Scarlet fever and Group A Strep

Scarlet fever is an illness is caused by a bug called group A streptococcus, which is found on the skin and in the throat. Scarlet fever mostly affects children and can easily spread to other people.

See general infomation below red, amber and green boxes


If your child has any of the following:

  • Breathing very fast, too breathless to talk, eat or drink
  • Working hard to breathe, drawing in of the muscles below the rib or noisy breathing (grunting)
  • Breathing that stops or pauses
  • Is pale, blue, mottled or feels unusually cold to touch
  • Difficult to wake up, very sleepy or confused
  • Weak, high-pitched cry or can’t be settled
  • Has a fit (seizure)
  • Has a rash that does go away with pressure (see the 'Glass Test')
  • Is under 3 months old with temperature more than 38°C or under 36°C (unless fever in the 48 hours following vaccinations and no other red features)

You need urgent help.

Go to the nearest Hospital Emergency (A&E) Department or phone 999

If your child has any of the following:

  • Unable to swallow saliva

  • Painful, red swollen neck glands

  • Painful, swollen joints

  • Puffy face or eyelids

  • Dark coca-cola coloured wee (urine)

  • Develops red lips or a red tongue

  • Develops a lot of skin peeling

  • Breathing a bit faster than normal or working a bit harder to breathe

  • Dry skin, lips or tongue

  • Not had a wee or wet nappy in last 8 hours

  • Poor feeding in babies (less than half of their usual amount)

  •  Irritable (Unable to settle them with toys, TV, food or hugs even after their fever has come down)

  • Not using or putting weight on an arm, leg, hand or foot. 

  • Complaining of severe pain that is not improving with painkillers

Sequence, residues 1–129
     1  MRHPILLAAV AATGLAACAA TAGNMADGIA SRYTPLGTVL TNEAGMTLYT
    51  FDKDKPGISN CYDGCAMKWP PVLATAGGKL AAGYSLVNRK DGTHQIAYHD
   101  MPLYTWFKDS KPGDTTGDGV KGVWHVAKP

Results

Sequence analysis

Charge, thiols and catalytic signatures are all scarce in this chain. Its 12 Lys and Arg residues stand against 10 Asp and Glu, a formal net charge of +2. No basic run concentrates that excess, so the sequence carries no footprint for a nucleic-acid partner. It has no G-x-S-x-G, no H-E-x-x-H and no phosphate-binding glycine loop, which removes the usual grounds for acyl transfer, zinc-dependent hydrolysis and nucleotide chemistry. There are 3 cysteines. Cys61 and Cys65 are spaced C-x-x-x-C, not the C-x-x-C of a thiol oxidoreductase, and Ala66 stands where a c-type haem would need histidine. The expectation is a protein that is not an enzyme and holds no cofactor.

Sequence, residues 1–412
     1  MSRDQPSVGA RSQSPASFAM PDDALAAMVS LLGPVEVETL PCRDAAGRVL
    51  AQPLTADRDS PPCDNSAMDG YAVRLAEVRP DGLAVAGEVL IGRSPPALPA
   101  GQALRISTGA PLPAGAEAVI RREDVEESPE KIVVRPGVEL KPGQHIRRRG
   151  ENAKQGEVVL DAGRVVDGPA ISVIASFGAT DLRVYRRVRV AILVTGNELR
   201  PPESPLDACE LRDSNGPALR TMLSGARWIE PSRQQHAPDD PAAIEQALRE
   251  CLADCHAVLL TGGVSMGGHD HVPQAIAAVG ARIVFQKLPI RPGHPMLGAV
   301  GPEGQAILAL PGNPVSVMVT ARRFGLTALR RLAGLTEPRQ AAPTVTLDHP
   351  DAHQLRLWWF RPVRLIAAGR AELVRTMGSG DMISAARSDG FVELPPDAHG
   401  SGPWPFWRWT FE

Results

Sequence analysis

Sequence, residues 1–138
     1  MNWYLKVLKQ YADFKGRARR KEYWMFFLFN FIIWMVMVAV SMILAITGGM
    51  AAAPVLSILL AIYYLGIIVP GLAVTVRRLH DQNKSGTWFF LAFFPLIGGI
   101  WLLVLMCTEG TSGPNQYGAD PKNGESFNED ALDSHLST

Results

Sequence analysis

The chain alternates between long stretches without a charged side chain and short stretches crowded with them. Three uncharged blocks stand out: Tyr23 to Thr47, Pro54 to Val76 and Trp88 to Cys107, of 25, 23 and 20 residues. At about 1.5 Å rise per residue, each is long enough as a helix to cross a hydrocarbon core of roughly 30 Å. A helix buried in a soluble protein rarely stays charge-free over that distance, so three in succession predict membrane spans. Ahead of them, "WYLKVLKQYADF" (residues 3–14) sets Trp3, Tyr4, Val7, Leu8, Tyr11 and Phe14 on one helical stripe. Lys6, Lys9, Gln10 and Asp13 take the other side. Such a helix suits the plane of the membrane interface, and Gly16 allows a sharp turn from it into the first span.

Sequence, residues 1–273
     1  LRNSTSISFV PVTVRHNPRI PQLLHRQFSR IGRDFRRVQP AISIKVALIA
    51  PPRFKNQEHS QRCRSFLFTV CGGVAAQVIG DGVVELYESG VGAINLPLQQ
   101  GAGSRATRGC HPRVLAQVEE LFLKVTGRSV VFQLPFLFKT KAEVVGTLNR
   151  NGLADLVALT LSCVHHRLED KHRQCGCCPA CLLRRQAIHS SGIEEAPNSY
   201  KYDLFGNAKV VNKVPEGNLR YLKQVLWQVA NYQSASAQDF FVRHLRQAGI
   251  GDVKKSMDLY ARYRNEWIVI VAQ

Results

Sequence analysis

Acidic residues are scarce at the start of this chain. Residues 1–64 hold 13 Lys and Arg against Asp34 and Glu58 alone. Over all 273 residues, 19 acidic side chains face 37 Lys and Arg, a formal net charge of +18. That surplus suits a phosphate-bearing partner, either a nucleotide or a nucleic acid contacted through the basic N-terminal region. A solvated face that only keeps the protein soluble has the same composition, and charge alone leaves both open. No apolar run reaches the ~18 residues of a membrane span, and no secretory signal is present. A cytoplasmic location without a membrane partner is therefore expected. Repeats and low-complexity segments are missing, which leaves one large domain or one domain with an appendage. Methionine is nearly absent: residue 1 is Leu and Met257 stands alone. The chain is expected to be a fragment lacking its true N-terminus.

• Is 3-6 months old with temperature 39°C or above (unless fever in the 48 hours following vaccinations and no other red or amber features) 

  • Temperature of 38°C or above for more than 5 days or shivering with fever (rigors)

  • Temperature less than 36°C in those over 3 months

  • Getting worse or you are worried about them

You need to contact a doctor or nurse today.

Please ring your GP surgery or call NHS 111 - dial 111

If symptoms persist for 4 hours or more and you have not been able to speak to either a member of staff from your GP practice or to NHS 111 staff, recheck that your child has not developed any red features

If your child has none of the above:

Self care

Continue providing your child’s care at home. If you are still concerned about your child, call NHS 111 – dial 111

This guidance has been reviewed and adapted by healthcare professionals across North East and North Cumbria with consent from the Hampshire development groups.

This guidance is written by healthcare professionals from across Hampshire, Dorset and the Isle of Wight.

Generally, scarlet fever is much less common than it used to be but in last few years there have been a number of outbreaks.  It is important that children with scarlet fever are assessed by a healthcare professional so that they can be started on antibiotics.

The scarlet fever rash often begins with small spots on the body that then spread to the neck, arms and legs over the next 1 to 2 days. The rash may be harder to see on darker skin tones. It often feels like 'sandpaper' but is not itchy..

Your child may also have a:

  • Sore throat or Tonsillitis
  • Fever (temperature of 38oC or above)
  • Painful, swollen glands in the neck
  • A red tongue (strawberry tongue)

White Coating on Tongue.jpg

Scarlet Fever Face Rash.jpg

Scarlet Fever body rash.jpg

If your child also has a runny nose with their sore throat, it makes a diagnosis of scarlet fever and Group A strep less likely.

Scarlet fever last for around 1 week.  If you do not take antibiotics, you can spread the infection for 2-3 weeks after your symptoms start.


Keep your child away from nursery or school for at least 24 hours after starting antibiotic treatment. Adults with scarlet fever should also stay off work for at least 24 hours after starting treatment. 


Many of the symptoms of scarlet fever can be relieved using some simple self-care measures, such as:

  • drinking plenty of cool fluids
  • eating soft foods (if your throat is painful)
  • taking paracetamol to bring down a high temperature/distress
  • using calamine lotion or antihistamine tablets to relieve itching

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